Ardigen and BioCollective in microbiome research pact to better address Parkinson’s Disease

By Will Chu

- Last updated on GMT


Related tags Ardigen The BioCollective Parkinson's disease

Polish microbiome firm Ardigen are to team up with The BioCollective in an agreement that looks to identify microbiome- based biomarker candidates for use in addressing Parkinson’s Disease (PD).

The agreement looks to harness Artificial Intelligence (AI) in their hunt for these biomarkers, employing Ardigen’s microbiome platform with The BioCollective’s stool sample data collected from PD patients.

“Parkinson’s is an incredibly complex systemic disease and clues to untangling that complexity are increasingly revealed in the microbiome,”​ reveals Martha Carlin, CEO of The BioCollective.

“We believe that this partnership will help progress our collective understanding of the microbiome’s role in human health, and that combining our microbiome expertise with exciting AI tools like those developed by Ardigen will translate exponentially to combat diseases like Parkinson’s, and beyond.”

The news comes as researchers from the University of Geneva claim to have confirmed the link between gut microbiota imbalance and the development of amyloid plaques in the brain that are characteristic of neurodegenerative disorders.

Along with Italian colleagues, findings​ from the team identified proteins produced by intestinal bacteria that could modify interactions between the immune and nervous system triggering Alzheimer's Disease.

Bioinformatics use

The partnership will look to build on these and similar findings as BioCollective’s metagenomic and patient metadata from stool samples will aid in identifying early onset PD diagnosis or disease progression biomarkers in the microbiome.

Ardigen’s AI-powered technology also uses bioinformatics to identify metagenomic features that are typical for a given group of patients.

These features are interpreted as functional units that can be then translated into candidates for biomarkers, and further therapeutic development.

The core of the platform is a proprietary algorithm capable of using whole metagenomic information from a cohort to retrieve microbiome-derived signals that may be responsible for a patient’s status.

“We are thrilled to start working with The BioCollective to develop microbiome-derived biomarkers applying our breakthrough technology powered by Artificial Intelligence,”​ adds Kaja Milanowska-Zabel, SVP General Director of Microbiome Unit of Ardigen.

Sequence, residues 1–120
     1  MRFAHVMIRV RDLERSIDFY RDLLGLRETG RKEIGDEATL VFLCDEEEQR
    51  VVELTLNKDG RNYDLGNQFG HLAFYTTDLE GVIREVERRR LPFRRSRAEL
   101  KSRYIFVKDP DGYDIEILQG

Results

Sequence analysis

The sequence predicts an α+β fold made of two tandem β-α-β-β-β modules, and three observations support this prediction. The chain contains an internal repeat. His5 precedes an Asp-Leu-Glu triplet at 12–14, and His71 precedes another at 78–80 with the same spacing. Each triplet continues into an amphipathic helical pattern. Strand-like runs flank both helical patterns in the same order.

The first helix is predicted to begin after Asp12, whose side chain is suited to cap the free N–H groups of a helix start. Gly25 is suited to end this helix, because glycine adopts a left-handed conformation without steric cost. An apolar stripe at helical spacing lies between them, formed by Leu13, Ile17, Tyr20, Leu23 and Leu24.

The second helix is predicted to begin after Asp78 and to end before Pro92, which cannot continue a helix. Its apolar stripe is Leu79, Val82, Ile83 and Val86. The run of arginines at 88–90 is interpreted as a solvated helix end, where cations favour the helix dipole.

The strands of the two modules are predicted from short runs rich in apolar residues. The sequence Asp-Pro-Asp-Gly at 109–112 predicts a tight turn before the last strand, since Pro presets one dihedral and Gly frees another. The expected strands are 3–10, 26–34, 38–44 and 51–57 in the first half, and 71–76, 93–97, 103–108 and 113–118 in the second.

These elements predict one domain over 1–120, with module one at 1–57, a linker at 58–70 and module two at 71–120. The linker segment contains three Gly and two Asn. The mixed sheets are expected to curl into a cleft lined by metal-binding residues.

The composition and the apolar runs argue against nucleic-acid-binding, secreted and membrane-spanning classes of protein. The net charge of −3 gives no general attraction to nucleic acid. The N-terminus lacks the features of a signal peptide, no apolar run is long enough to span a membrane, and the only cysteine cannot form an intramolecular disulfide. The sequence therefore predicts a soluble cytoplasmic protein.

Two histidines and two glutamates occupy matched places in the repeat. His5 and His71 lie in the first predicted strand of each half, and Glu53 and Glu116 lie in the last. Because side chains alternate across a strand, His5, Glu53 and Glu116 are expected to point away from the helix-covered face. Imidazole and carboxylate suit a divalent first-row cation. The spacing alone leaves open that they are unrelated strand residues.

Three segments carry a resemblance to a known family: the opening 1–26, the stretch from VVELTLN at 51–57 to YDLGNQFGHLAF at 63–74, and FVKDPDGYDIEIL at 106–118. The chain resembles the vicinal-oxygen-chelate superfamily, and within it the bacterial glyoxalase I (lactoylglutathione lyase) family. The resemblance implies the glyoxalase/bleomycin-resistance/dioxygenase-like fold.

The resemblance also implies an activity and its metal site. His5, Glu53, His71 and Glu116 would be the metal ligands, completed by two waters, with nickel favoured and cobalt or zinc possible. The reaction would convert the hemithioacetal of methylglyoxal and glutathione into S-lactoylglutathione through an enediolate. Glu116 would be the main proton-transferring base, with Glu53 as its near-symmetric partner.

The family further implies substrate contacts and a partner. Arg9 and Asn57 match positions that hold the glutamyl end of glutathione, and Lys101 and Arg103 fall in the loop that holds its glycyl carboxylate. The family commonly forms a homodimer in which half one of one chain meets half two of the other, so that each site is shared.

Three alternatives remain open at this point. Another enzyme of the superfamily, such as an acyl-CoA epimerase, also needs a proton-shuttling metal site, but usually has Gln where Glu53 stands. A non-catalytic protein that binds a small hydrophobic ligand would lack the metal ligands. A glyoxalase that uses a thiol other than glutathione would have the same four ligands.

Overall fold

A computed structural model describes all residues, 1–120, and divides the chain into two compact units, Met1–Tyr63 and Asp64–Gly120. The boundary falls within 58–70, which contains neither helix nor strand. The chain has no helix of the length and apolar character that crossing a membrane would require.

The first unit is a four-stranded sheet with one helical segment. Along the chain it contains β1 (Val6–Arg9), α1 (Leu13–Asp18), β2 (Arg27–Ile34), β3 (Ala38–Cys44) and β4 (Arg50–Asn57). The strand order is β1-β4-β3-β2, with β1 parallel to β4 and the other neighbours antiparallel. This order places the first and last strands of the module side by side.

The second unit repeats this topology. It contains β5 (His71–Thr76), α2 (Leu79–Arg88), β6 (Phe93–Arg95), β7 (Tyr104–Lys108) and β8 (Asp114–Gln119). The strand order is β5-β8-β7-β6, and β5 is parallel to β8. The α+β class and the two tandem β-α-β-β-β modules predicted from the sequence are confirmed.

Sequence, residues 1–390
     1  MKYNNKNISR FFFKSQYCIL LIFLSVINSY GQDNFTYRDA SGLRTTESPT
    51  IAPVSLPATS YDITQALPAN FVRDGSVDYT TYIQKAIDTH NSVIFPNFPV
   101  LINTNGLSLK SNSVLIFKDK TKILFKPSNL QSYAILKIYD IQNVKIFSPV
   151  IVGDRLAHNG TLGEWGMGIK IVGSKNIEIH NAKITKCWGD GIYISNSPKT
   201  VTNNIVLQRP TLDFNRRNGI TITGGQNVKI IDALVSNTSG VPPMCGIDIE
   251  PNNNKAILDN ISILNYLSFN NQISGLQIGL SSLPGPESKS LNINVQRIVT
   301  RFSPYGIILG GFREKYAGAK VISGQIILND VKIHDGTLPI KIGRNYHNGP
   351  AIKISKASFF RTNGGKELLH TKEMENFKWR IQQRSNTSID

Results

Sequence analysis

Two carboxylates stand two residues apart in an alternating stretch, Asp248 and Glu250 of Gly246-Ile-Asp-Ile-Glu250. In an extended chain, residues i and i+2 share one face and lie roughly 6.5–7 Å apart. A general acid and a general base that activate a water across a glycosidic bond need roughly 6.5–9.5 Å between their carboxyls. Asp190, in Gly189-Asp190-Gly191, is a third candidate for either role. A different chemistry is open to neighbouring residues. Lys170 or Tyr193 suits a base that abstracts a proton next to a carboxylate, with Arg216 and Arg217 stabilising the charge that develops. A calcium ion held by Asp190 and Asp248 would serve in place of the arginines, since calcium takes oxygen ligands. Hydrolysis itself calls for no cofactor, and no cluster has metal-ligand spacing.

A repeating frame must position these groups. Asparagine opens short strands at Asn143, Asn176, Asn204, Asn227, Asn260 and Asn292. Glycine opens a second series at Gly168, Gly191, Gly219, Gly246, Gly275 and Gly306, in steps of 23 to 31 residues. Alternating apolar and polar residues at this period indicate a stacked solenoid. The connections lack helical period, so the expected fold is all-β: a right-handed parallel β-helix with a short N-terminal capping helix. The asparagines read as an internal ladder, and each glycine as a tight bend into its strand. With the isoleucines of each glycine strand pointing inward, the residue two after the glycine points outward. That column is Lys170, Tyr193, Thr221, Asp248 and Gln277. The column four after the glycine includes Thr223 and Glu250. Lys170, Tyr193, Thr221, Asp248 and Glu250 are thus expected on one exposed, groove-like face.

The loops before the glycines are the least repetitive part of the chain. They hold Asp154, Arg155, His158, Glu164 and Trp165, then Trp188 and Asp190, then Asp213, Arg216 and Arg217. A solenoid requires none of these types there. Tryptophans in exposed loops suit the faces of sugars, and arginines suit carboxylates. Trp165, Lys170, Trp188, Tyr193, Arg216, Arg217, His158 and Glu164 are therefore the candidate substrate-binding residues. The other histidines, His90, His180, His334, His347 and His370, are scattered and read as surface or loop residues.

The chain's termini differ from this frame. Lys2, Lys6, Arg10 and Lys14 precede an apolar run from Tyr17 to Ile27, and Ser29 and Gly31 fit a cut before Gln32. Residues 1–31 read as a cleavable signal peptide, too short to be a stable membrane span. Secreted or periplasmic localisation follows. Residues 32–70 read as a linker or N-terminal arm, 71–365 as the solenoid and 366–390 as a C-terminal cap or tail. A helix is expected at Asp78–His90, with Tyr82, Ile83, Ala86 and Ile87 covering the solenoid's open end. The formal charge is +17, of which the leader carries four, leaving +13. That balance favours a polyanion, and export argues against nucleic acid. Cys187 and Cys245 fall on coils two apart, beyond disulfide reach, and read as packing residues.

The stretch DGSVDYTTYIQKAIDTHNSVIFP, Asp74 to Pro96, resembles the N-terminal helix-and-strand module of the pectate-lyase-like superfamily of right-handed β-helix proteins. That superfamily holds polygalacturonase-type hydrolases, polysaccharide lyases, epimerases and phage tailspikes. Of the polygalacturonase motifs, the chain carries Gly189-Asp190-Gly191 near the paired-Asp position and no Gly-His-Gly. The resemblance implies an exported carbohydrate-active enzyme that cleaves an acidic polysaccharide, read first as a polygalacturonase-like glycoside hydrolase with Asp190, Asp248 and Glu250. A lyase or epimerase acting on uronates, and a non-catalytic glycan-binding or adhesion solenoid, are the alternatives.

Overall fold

Ardigen, based in Kraków have previously highlighted the possible role of the microbiome in the diagnosis of virus-based diseases but also as a target treatment area for milder courses and faster recovery from COVID19.

Microbial diversity

Their thoughts are backed up by a study​ that investigated interactions between the virus and other microorganisms in the lung.

The study found the microbiota in SARS-CoV-2-infected patients was similar to those in community-acquired pneumonia (CAP) patients.

Microbial diversity was lower in pneumonia patients than in healthy controls, but no specific microbiota pattern was identified among COVID-19 patients and CAP patients.

According to the study, a possible reason for this could be the use of antibiotics in pneumonia patients.

Another study​ successfully used metagenomic next-generation sequencing to characterise Cambodia’s first case of COVID-2019.

The study identified metagenomics as an effective approach to detect variants of both novel and known species as epidemics evolve.

“Overall, agnostic or unbiased metagenomic sequencing capabilities in-country provide the ability to detect and respond to a variety of pathogens, even those that are unanticipated or unknown,”​ the study states.

“Bridging of existing local and global resources for sequencing and analysis will allow for better real-time local surveillance, while also enabling better health pursuits overall, not just during outbreaks.”

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